A Clear View of Common Retinal Diseases Affecting Vision
It is important to be aware of the warning signs of eye disease that could lead to vision loss if left untreated.
If we all are lucky enough to live a long life, we will most likely encounter some issues with our eyes. Around the age of 40, vision begins to change. Perhaps reading glasses are in order or you might have trouble adjusting to glare or distinguishing certain colors. All of this is a normal part of aging, but they do not have to keep you from enjoying an active lifestyle or hinder your independence. It is possible to live well into the afternoon of life and never experience significant vision loss, but as we age, we are at an increased risk of developing age-related diseases of the eye and other eye conditions. By age 65, one in three Americans will have some form of vision-impairing eye disease, and this also includes diseases directly related to the retina.
Diseases of the retina, which can occur at any point in our lives, are most common as we age, and a healthy retina is vital for good vision. The retina is the thin membranous lining at the back of the eye. This light-sensitive nerve tissue controls how images are viewed. The images are focused at the retina and converted to electrical impulses which are then carried to the brain by the optic nerve.
While there are several diseases and issues that affect the retina, the most common include age-related macular degeneration, diabetic retinopathy, and retinal detachment. Retinal diseases vary, but the majority of them cause visual issues that can affect any part of the retina. Treatment is available for many retinal diseases and, depending upon one’s condition, treatment goals may be to either stop or slow the disease and preserve, improve or restore vision. Left untreated, some retinal diseases can cause severe vision loss or even blindness.
Among the most common symptoms of retinal disease include seeing floating specks or cobwebs, flashes, blurred or distorted vision, defects in side vision or lost vision. As we age, it is important to pay close attention to any changes in our vision and seek medical care immediately if you experience any of these symptoms.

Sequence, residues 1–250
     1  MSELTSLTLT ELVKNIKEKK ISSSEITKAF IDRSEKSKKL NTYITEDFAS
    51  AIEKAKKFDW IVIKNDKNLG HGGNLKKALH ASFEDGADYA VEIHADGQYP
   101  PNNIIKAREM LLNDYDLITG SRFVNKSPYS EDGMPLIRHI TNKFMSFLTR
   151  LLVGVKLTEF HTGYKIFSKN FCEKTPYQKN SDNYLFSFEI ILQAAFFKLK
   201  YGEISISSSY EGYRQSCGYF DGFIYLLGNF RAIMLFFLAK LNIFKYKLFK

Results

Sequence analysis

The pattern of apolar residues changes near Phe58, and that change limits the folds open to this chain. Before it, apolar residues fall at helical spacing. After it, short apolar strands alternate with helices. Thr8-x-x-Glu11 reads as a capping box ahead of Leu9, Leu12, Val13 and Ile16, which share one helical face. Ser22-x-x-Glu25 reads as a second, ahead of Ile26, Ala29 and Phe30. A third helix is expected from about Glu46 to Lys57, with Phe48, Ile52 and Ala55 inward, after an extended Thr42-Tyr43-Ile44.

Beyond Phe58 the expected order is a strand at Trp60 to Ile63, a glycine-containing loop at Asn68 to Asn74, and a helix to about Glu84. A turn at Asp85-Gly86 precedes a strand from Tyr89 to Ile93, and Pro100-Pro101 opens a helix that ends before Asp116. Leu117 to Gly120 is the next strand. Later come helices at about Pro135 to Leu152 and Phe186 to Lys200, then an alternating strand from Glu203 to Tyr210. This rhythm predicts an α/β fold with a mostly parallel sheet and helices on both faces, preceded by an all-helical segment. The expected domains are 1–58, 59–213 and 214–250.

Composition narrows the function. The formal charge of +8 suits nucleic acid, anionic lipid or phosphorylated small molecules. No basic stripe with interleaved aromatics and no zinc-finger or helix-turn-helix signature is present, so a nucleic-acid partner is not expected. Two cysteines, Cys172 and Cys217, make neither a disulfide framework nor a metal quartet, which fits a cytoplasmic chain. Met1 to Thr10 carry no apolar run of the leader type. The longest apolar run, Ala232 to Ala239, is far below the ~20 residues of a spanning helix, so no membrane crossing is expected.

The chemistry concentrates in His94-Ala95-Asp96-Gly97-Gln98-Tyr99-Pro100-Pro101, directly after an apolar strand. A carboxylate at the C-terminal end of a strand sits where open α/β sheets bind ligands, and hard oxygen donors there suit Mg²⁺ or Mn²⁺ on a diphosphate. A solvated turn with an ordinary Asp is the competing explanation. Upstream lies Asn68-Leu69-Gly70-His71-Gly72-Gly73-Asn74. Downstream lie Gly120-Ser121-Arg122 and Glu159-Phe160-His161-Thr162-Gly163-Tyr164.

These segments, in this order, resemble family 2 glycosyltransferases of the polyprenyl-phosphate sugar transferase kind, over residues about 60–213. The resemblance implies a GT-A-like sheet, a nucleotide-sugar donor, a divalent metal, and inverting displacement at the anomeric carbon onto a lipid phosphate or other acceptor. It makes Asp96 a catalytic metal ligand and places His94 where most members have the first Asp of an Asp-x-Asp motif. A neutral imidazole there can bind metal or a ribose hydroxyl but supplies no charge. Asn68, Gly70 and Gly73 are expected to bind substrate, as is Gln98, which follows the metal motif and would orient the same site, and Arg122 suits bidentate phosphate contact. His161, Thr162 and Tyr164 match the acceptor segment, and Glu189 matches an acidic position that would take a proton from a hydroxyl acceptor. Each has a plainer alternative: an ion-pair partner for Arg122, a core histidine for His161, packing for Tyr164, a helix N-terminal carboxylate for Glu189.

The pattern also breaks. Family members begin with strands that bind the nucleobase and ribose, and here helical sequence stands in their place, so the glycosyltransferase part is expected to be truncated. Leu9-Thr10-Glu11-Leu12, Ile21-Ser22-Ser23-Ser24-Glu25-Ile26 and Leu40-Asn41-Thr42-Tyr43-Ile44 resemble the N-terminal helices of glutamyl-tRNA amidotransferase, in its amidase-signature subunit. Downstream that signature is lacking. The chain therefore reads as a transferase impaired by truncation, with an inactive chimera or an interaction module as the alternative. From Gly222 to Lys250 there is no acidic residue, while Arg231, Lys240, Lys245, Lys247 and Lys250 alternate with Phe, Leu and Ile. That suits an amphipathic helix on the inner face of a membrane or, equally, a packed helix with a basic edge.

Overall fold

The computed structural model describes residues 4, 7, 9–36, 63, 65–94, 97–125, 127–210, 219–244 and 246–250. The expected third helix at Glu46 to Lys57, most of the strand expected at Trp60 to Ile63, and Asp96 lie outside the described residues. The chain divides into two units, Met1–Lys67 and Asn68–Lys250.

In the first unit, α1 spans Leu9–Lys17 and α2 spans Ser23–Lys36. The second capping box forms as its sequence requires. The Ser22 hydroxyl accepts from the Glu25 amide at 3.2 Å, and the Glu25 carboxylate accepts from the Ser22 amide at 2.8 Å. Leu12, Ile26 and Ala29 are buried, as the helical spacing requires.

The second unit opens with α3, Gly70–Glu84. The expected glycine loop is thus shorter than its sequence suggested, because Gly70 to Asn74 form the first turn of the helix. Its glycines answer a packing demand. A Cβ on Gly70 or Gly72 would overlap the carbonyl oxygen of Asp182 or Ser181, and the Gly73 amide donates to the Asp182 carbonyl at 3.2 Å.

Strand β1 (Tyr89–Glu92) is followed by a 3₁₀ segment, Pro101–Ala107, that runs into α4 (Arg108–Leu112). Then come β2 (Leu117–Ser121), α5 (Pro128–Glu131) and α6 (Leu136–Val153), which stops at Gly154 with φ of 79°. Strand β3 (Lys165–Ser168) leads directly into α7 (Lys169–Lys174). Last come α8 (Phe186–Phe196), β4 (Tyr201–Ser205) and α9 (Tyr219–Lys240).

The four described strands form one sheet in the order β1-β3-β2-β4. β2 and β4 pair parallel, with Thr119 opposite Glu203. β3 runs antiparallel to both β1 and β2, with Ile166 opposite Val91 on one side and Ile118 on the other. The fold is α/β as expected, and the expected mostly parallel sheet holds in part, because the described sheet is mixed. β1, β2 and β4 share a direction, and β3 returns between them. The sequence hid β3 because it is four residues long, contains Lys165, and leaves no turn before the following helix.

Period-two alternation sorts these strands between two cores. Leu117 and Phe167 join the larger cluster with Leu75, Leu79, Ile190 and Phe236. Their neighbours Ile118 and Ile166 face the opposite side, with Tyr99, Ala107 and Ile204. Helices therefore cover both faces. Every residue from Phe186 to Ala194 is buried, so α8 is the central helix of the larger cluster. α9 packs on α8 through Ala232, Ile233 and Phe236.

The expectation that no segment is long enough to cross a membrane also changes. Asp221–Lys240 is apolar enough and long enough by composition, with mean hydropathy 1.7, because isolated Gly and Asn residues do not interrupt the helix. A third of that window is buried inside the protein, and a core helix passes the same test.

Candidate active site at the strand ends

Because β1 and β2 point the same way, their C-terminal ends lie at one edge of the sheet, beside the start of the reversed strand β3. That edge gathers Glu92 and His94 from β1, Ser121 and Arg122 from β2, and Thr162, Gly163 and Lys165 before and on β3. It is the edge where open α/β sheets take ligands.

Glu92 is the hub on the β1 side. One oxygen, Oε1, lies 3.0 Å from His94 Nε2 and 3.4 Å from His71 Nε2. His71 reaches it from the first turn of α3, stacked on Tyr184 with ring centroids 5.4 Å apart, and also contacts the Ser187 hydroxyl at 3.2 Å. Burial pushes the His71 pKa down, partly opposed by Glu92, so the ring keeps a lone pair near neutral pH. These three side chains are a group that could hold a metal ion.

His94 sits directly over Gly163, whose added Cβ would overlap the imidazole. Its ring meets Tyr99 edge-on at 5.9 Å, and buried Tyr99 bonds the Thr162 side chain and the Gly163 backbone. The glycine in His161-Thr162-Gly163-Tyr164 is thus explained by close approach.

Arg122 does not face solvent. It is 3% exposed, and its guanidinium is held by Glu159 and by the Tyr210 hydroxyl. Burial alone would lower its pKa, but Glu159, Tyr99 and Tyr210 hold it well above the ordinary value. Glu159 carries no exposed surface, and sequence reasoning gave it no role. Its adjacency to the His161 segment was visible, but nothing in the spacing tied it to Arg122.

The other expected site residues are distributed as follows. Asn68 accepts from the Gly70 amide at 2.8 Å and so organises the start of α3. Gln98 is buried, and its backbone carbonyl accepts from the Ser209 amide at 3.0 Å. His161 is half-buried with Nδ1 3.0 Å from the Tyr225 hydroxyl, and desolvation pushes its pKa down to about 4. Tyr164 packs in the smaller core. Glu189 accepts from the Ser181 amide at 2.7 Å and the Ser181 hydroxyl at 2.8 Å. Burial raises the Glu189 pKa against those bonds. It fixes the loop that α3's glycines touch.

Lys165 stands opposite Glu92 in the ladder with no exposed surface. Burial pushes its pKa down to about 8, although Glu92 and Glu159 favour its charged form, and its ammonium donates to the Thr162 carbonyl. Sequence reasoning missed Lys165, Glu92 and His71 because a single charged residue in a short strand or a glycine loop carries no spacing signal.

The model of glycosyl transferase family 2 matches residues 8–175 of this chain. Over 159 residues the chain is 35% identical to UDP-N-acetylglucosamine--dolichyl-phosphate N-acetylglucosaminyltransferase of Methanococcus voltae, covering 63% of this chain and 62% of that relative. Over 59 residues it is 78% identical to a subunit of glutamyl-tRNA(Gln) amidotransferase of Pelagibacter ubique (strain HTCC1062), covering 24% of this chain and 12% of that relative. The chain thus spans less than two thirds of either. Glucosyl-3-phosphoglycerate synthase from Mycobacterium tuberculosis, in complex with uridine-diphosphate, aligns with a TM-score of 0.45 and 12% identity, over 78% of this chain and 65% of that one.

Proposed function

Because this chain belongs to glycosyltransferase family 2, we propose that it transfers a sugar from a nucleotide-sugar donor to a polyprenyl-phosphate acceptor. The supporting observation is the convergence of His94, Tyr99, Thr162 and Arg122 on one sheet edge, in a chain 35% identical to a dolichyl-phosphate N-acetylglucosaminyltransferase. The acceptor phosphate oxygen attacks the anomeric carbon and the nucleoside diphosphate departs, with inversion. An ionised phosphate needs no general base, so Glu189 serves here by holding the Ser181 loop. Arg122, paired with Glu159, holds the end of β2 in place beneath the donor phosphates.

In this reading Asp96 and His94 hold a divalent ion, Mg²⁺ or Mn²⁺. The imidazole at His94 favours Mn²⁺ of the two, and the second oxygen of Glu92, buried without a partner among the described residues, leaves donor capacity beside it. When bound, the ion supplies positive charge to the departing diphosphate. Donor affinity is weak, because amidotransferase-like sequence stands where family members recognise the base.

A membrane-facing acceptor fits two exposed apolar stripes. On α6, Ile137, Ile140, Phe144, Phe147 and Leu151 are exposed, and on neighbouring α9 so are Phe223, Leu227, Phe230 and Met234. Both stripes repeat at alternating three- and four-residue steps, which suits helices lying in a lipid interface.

Dr. Blake Cooper, M.D. and vitreoretinal surgeon with Retina Associates in Shawnee, Kansas, treats patients for eye diseases primarily affecting the retina. Dr. Cooper indicated one of the most prevalent age-related diseases of the eye is macular degeneration, which can present in both dry and wet forms. Roughly 90% of those with age-related macular degeneration (AMD) have dry AMD, a condition that affects the layers of the macula, in which they become thinner over time, function less as they do, essentially atrophying. In the early stages, tiny drusen, which are piles of waste product of the cells of the eye, appear under the retina. Drusen may lead to deterioration of the retina, but dry AMD usually does not progress to severe visual loss.
On the other hand, wet AMD, seen in about 10% of all cases of AMD, is a condition involving the growth of new blood vessels in the choroidal layer under the retina. Because the new vessels are weak, they can leak fluid and blood. As the leakage seeps into the layers of the retina, scar tissue can form and the retinal cells will cease to function. Of the two, dry AMD is more common and less severe. Early detection and treatment of dry or wet AMD can help reduce vision loss and in some cases, perhaps recover vision.
“By age 85, 40% of the population has AMD,” stated Cooper.
In short, macular degeneration can dramatically affect the central vision. While people rarely go blind because of this disease, it can be challenging to read, drive or perform normal functions of everyday living. Located in the center of the retina, the macula is the light-sensitive layer of tissues at the back of the eye. As it deteriorates, disease results. One of the most common methods of treatment for macular degeneration is laser surgery.
To reduce your risk of AMD, Cooper emphasized the importance of taking measures to keep your blood pressure under control and to quit smoking if you have the habit. These two steps alone will help to slow down the progression of the disease. Further, after age 65, it is vitally important to have an annual dilated eye exam. By age 85, roughly 40% of the population will develop ARM and it tends to be more prevalent in females than in males, according to Dr. Cooper.
Changes in diet can also be effective and this includes the incorporation of vitamins. Cooper recommends AREDS 2 (age-related eye disease study) vitamins to patients who have moderate to advanced stages of macular degeneration.